Fairy tale motifs like Cinderellas, wealthy Prince Charmings and beasts with hearts of gold underneath forbidding exteriors are very much alive in modern adult literature and films, as a drama reviewer helpfully pointed out. The titular pretty princess of She Was Pretty gets the raw end of the stick, however, when she grows up into a penniless ugly duckling, while her tubby childhood sweetheart transforms into a handsome and successful man looking like he has stepped out of a fashion magazine. Whereas he used to be the awkward, bespectacled child scuttering away at the appearance of the next-door belle, she is now the one hiding out of his sight and looking on in sadness as he embraces her ravishing bosom friend, whom he believes is her. In her reality, she thinks, she is just a supporting character, perhaps an almost invisible extra.
He, on the other hand, feels that the degree to which a person basks in the limelight does not cement his/her status as a main or supporting character. A change of perspective may reveal that the narrative is really about the emotions or personal development of someone lurking in the shadows. In Pierre-Auguste Renoir’s Dance in the Country (1883), the central figure may not be the beaming, flamboyant woman whose bright red bonnet, floral details and voluminous dress draws attention to herself, or her dapper dance partner. It may very well be the woman watching outside the terrace where they are dancing, the railing of the terrace and tree leaves framing her face to the effect that she looks trapped in a neglected forest prison. Like the star-crossed lovers, the screenwriter Jo Sung-hee postulates, she is harboring a secret love for someone. Jo has her male lead entrust a jigsaw piece with the lovelorn woman to the female lead at their last childhood meeting, while he keeps the remaining puzzle of the painting. How she will find her way back to the picture and into the hole in his heart is the focus of the story.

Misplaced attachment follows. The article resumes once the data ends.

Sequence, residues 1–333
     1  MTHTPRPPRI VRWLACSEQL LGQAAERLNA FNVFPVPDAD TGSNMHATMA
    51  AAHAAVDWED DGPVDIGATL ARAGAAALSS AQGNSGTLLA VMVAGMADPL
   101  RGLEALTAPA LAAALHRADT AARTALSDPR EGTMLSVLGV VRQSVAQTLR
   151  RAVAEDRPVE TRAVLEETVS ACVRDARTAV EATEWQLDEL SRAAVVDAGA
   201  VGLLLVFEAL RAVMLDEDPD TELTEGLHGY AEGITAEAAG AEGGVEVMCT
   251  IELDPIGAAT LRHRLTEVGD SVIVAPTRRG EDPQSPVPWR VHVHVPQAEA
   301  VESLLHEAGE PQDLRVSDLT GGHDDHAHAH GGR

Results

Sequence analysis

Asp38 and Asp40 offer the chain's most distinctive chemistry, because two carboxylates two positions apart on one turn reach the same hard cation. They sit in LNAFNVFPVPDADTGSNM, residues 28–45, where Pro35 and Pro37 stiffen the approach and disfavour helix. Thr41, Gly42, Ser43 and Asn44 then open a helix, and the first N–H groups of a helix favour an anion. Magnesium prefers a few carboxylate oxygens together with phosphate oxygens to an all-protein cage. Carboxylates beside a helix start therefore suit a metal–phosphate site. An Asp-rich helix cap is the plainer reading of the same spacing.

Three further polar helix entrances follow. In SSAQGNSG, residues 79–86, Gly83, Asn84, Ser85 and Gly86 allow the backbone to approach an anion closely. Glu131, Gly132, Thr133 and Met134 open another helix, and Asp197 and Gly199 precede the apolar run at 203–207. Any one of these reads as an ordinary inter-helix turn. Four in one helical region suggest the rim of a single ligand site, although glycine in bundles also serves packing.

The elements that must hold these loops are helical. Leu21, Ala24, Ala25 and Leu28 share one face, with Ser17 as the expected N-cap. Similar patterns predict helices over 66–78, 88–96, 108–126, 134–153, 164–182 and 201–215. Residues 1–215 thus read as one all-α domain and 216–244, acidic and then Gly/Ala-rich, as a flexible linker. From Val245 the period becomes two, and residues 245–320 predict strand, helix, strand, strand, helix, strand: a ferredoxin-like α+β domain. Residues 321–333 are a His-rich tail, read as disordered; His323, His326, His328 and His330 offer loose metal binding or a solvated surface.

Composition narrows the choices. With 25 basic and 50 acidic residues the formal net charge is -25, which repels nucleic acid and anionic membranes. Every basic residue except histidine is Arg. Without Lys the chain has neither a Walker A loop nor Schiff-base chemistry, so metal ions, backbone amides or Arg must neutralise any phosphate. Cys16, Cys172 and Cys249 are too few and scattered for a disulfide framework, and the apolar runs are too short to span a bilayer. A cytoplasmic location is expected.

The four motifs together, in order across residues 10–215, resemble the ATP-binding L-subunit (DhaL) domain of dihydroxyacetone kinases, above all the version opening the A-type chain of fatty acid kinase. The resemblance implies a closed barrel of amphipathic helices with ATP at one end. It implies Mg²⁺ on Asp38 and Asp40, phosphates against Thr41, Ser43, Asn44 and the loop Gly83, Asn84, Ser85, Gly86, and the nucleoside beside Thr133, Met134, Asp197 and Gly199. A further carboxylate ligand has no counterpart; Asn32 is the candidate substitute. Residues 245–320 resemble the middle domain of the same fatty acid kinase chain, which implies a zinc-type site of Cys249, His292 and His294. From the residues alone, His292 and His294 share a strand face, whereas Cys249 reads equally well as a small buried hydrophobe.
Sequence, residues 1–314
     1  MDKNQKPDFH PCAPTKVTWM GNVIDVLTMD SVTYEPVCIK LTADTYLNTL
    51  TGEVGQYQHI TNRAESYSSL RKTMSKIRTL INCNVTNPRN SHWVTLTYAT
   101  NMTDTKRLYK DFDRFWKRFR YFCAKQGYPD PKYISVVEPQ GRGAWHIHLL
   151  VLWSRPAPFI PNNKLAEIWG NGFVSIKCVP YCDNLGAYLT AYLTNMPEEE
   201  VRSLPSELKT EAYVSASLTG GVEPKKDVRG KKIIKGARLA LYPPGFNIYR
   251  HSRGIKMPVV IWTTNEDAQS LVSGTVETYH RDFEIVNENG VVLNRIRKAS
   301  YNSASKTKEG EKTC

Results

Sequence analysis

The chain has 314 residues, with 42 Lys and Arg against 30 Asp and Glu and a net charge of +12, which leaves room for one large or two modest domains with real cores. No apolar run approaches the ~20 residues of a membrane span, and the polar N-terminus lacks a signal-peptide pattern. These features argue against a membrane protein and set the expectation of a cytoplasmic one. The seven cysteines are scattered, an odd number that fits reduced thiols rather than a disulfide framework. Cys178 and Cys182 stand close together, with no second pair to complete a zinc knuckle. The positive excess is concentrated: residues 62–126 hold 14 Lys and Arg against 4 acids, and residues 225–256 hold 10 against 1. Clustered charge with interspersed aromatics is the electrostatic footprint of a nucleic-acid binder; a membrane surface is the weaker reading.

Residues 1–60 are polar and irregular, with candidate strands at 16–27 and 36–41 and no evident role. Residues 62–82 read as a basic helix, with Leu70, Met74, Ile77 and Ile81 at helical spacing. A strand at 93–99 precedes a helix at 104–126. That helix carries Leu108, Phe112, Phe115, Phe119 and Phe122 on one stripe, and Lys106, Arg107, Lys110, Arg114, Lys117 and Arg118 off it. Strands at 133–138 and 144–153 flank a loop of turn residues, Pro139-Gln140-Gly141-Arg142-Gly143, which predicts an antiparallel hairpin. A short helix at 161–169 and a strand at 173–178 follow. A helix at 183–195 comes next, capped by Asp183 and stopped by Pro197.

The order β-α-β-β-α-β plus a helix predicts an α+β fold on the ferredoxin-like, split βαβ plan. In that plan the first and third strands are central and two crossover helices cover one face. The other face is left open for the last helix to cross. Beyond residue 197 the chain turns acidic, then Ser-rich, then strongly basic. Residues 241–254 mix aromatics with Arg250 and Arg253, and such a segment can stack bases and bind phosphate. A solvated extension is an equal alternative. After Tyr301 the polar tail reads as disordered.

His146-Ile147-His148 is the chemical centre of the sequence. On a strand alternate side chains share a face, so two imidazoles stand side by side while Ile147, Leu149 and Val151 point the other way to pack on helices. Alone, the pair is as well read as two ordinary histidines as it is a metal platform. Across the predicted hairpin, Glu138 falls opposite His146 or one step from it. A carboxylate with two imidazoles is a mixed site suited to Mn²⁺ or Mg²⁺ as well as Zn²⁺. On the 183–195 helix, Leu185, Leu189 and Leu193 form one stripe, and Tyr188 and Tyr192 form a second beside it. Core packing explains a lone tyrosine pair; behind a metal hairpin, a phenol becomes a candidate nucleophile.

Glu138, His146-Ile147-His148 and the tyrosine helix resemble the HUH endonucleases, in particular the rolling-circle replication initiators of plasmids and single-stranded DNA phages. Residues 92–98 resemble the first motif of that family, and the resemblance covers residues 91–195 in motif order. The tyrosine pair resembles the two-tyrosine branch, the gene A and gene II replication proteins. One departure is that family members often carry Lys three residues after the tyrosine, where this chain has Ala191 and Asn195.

Thoughts drift on and on, in Orange Marmalade‘s 18-year-old male lead‘s mind, to a fresh-faced and slender transfer student who slows down time every so often when she enters his vision, as night segues into day and the guitar ballad crooning about love through the passing seasons in the background segues into a classroom recitation of the last stanza of Cheon Sang-byeong (1930-1993)’s well-loved poem:
나 하늘로 돌아가리라.